News Video | Policy | GPs | Hospitals | Medical | Mental Health | Welfare | Search

 


Progress on healthy food policies under the microscope

Media Release - University of Auckland

27th September 2013 - For immediate use

Progress on healthy food policies under the microscope
The escalating obesity epidemic has led an international group of nutrition researchers to focus on measuring how much progress countries are making in implementing healthy food policies.


Progress on healthy food policies under the microscope

The escalating obesity epidemic has led an international group of nutrition researchers to focus on measuring how much progress countries are making in implementing healthy food policies.

“No country has reversed the obesity epidemic, in part because widely-recommended healthy food policies have not been fully implemented,” says Boyd Swinburn, Professor of Population Nutrition and Global Health from theUniversity of Auckland.

“Researchers have documented the increasing obesity problem for several decades and it is long overdue to start documenting how well the agreed solutions are being applied and what effect policies are having on the food landscape.”

Experts agree that the main driver of high obesity rates is the widespread availability of cheap, tasty, unhealthy food that is heavily marketed, he says.

“The surprising thing is that very few countries are able to describe what the food landscape looks like in their country,” says Professor Swinburn. “We currently can’t answer basic questions like, ‘What foods are for sale in which areas?’, ‘What is the nutrition content of those foods?’, ‘Which food are advertised the most?’, and ‘How does the price of unhealthy foods compare to the price of healthy foods?”.

The new group of nine university groups and five global non-government organisations, called INFORMAS, plans to monitor food environments all around the world so that these important questions can be answered.

This week, the INFORMAS group launched their plans at the International Congress of Nutrition in Granada, Spain, accompanied by the publication of a series of papers in the journal Obesity Reviews that outlines the group’s approach to monitoring all the important aspects of the food landscape.

The INFORMAS monitoring program will commence next year in several pilot countries, including New Zealand. The researchers will also identify those countries which have the healthiest food policies and use them as international benchmarks against which to assess national progress towards best practice.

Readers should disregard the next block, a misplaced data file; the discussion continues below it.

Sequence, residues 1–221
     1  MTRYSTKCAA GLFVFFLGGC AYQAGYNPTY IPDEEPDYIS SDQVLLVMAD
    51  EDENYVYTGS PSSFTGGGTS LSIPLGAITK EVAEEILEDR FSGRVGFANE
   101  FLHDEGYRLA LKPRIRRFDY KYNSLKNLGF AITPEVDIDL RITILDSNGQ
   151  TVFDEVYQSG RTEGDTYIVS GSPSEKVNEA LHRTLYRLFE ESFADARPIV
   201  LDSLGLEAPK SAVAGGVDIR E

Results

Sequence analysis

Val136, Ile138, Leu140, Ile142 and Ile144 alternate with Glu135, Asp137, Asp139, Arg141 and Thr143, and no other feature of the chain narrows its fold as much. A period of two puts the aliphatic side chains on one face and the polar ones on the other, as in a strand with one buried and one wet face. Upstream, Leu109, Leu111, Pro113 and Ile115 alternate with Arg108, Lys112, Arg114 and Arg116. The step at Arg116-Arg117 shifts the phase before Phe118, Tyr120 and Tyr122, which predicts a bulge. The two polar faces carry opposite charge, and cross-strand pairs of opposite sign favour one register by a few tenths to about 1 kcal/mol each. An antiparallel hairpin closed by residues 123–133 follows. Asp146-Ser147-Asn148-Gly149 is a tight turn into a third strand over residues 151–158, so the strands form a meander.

“Some countries have made good progress in getting policies like healthy school food implemented, but many other recommended policies such as restricting unhealthy food marketing to children are just not happening,” said Professor Swinburn.

All countries have signed up to a World Health Organization target of reducing premature death from non-communicable diseases, such as heart disease and diabetes, by 25 percent by the year 2025.

“The target is to achieve no further increase in obesity rates, and this will be one of the most challenging targets to reach since countries are almost all heading in the wrong direction,” according to Professor Swinburn. “Changes in food environments will respond quite quickly to healthy food policies, and we hope to detect early changes in reducing the drivers of obesity. This will be critical in monitoring progress towards the WHO targets.”

The INFORMAS work is under the auspices of the International Obesity Taskforce, and is being coordinated at the University of Auckland.

Ends

The INFORMAS papers are available online at http://onlinelibrary.wiley.com/doi/10.1111/obr.2013.14.issue-s1/issuetoc

© Scoop Media

 
 
 
 
 
Culture Headlines | Health Headlines | Education Headlines

 

EPMU: Fourth Anniversary

Representatives of the Engineering, Printing and Manufacturing Union are proud to stand with the Pike River families to mark four years since 29 men lost their lives. More>>

ALSO:

'Kindara': Unusual Ginger Coloured Kiwi Chick Released To Taupo Creche

A cute little kiwi chick with an unusual ginger tinge to its feathers has just been released to Wairakei Golf & Sanctuary Kiwi Creche in Taupo after hatching at Rainbow Springs' Kiwi Encounter. More>>

Werewolf: The Complicatist : Bob Dylan Himself, And By Others

Bob Dylan is about to release a six CD version of the entire Basement Tapes sessions he recorded with the Band 40 years ago. To mark the occasion, I’ve rustled together some favourite cover versions of Dylan songs, and a few lesser-known tracks by the great man. More>>

ALSO:

Werewolf: Gone Girl : The Trouble With Amy

Philip Matthews: Three words to describe the David Fincher film Gone Girl: cynical, topical and ridiculous. Ridiculous isn’t a negative. More>>

ALSO:

11/11: Armistice Day Peace Vigils

On Armistice Day 2014, the second in the series of peace vigils that will take place three times each year during the World War One centenary will be held in Hokianga, Whangarei, Auckland, Tauranga, Otaki, Lower Hutt, Wellington and Takaka. More>>

ALSO:

Te Papa: Rick Ellis Appointed New Chief Executive

The Board and Chairman of the Museum of New Zealand Te Papa Tongarewa are pleased to announce the appointment of Rick Ellis as the new Chief Executive for the museum. More>>

Couture: New All Blacks Jersey Gets Team’s Seal Of Approval

More than two years in the making, adidas has today unveiled the most technologically-advanced and blackest All Blacks jersey ever, four days before the highly anticipated match against England. More>>

Get More From Scoop

 
 

LATEST HEADLINES

 
 
 
 
Health
Search Scoop  
 
 
Powered by Vodafone
NZ independent news